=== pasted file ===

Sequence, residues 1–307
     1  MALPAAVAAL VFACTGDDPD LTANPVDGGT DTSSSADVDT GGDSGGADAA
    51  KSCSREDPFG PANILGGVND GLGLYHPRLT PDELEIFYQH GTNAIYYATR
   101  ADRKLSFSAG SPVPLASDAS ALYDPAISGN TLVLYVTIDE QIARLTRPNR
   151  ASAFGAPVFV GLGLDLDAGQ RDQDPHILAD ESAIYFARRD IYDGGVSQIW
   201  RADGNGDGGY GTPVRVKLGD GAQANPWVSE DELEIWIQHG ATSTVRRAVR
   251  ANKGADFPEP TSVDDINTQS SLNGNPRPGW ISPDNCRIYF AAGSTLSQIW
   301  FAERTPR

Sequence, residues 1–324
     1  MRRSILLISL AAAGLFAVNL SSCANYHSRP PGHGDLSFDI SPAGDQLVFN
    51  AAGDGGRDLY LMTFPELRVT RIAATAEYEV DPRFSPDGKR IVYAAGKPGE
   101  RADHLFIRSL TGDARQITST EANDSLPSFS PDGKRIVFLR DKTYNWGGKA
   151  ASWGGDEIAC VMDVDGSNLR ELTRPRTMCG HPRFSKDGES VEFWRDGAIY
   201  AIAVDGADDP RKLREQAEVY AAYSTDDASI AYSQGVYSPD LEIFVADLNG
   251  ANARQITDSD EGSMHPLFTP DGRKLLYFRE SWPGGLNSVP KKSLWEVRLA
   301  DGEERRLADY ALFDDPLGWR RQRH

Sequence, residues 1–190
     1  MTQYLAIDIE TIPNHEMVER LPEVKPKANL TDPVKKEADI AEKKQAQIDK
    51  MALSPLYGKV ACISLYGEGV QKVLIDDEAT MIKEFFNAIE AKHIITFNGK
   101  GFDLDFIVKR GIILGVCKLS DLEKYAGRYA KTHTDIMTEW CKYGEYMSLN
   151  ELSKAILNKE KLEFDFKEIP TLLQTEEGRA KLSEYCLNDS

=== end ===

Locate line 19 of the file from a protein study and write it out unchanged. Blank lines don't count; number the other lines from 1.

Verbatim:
    51  MALSPLYGKV ACISLYGEGV QKVLIDDEAT MIKEFFNAIE AKHIITFNGK